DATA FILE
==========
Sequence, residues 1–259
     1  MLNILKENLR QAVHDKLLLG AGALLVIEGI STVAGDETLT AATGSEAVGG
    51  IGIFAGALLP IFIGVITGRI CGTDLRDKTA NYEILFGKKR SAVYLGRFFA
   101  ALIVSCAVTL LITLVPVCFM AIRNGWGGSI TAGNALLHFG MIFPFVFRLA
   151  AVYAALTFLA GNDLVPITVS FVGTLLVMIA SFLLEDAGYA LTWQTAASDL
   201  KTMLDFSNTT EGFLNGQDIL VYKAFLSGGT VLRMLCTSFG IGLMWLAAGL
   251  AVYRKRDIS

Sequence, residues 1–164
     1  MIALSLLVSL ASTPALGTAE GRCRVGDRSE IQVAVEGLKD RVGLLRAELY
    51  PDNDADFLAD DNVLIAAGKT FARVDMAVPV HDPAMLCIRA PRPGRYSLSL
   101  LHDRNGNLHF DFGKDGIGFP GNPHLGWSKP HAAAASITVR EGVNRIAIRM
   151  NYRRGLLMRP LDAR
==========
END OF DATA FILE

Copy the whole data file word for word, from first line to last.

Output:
Sequence, residues 1–259
     1  MLNILKENLR QAVHDKLLLG AGALLVIEGI STVAGDETLT AATGSEAVGG
    51  IGIFAGALLP IFIGVITGRI CGTDLRDKTA NYEILFGKKR SAVYLGRFFA
   101  ALIVSCAVTL LITLVPVCFM AIRNGWGGSI TAGNALLHFG MIFPFVFRLA
   151  AVYAALTFLA GNDLVPITVS FVGTLLVMIA SFLLEDAGYA LTWQTAASDL
   201  KTMLDFSNTT EGFLNGQDIL VYKAFLSGGT VLRMLCTSFG IGLMWLAAGL
   251  AVYRKRDIS

Sequence, residues 1–164
     1  MIALSLLVSL ASTPALGTAE GRCRVGDRSE IQVAVEGLKD RVGLLRAELY
    51  PDNDADFLAD DNVLIAAGKT FARVDMAVPV HDPAMLCIRA PRPGRYSLSL
   101  LHDRNGNLHF DFGKDGIGFP GNPHLGWSKP HAAAASITVR EGVNRIAIRM
   151  NYRRGLLMRP LDAR